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News and reporting on BRCA biomarkers.
Researchers reclassified 86 percent of variants initially determined to be VUS, potentially changing surveillance or treatment approaches for patients.
Two new studies revealed the prevalence of pathogenic variants in breast cancer-related genes, while highlighting genes that may be most informative in the clinic.
In PNAS this week: targeting progesterone signaling in ovarian cancer, LINE-1 retrotransposition events in adenocarcinomas, and more.
Using tumor and matched normal sequence data generated for tens of thousands of cancer patients, the team identified mosaic cancer susceptibility in around one in 1,000 cases.
The nationwide study will enroll prostate cancer patients who do and don't meet current guidelines and assess how access to genetic information impacts their care.
Most of the disease risk carriers identified in the Healthy Nevada Project did not meet clinical guidelines for screening, according to the new analysis.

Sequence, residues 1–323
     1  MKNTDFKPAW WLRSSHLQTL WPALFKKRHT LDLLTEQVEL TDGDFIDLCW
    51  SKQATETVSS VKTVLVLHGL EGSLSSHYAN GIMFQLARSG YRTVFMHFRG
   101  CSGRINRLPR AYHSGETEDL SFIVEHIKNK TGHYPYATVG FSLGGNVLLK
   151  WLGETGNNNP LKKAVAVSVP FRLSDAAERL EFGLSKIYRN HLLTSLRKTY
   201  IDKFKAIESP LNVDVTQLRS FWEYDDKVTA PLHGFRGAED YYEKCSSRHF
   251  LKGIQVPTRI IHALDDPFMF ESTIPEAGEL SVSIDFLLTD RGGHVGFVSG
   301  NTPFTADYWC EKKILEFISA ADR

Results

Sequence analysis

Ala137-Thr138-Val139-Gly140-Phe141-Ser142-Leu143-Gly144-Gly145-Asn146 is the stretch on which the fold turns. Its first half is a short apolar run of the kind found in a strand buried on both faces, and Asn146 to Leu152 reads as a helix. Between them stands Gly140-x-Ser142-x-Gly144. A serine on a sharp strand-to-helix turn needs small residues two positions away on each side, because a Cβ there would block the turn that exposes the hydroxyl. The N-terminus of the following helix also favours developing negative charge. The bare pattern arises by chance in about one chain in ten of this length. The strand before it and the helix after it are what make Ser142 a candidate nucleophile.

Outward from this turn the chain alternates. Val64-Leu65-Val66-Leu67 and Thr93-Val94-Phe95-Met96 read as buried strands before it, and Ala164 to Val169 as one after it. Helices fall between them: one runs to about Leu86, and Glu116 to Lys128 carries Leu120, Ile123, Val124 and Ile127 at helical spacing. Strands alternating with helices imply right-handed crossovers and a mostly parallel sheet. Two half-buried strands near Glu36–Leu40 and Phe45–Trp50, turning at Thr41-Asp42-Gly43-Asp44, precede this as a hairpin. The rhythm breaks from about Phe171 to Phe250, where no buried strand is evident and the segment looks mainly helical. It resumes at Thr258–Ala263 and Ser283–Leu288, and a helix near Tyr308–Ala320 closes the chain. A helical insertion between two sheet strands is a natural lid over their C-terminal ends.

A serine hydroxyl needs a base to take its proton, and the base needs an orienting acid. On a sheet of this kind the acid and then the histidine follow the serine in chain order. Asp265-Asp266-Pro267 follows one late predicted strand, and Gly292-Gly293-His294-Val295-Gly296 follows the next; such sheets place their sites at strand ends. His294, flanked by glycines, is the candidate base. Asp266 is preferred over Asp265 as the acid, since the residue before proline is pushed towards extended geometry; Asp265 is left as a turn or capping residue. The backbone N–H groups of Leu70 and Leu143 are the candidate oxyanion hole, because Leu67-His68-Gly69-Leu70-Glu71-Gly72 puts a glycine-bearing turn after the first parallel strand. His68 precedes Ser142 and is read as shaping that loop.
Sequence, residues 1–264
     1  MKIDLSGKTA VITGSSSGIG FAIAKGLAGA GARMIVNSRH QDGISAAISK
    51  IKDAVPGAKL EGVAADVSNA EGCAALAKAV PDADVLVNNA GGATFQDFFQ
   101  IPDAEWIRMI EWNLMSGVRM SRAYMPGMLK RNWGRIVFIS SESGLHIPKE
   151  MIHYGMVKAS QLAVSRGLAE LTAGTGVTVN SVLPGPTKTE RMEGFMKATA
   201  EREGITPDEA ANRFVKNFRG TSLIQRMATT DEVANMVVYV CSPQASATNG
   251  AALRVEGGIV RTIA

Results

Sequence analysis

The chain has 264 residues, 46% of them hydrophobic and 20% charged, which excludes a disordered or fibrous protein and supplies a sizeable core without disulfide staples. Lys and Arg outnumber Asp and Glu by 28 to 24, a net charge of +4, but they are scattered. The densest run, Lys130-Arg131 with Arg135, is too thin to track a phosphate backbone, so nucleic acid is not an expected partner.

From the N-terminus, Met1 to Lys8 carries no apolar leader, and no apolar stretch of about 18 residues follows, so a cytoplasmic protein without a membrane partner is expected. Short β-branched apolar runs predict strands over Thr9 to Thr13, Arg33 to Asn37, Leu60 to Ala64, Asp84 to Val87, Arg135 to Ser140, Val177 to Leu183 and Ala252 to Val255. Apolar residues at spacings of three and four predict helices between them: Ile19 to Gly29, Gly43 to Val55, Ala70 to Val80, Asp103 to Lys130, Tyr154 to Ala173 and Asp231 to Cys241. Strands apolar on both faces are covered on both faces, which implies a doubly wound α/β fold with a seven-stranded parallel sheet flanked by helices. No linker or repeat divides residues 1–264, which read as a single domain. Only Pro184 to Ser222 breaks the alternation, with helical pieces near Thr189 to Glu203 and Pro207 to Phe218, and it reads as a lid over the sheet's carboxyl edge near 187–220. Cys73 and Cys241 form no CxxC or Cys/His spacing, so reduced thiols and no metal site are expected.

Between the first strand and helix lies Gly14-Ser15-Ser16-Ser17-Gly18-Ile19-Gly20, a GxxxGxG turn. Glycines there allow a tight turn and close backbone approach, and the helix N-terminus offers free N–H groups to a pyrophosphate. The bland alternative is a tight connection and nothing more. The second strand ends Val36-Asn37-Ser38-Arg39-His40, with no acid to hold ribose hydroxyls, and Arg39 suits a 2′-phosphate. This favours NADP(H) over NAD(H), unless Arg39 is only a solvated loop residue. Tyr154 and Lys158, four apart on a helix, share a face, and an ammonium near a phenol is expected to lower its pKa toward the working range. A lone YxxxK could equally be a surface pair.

An analysis of societal and health system cost-effectiveness and outcomes points to the benefits of expanding pathogenic BRCA1/2 variant testing in six countries.
The analysis suggested survival and other benefits for breast cancer patients with BRCA1/2 mutations who were aware of their germline risk before diagnosis.
A Myriad Genetics-funded team found that an 86-SNV polygenic score could modify breast cancer risk in women with pathogenic mutations in cancer risk genes.
In PLOS this week: FANCJ mutations linked to increased sensitivity to certain drugs, host genetic factors influence wound microbiomes, and more.
NPR reports that researchers have developed chimeric embryos as part of work toward growing human organs in animals for organ transplants.
According to the Washington Post, the Biden Administration is set to make changes to federal restrictions on fetal tissue research.
In Science this week: approach to isolated trace DNA from archaic humans from sediments, and more.
Texas Monthly looks into the DNA Zoo being collected by Baylor College of Medicine researchers.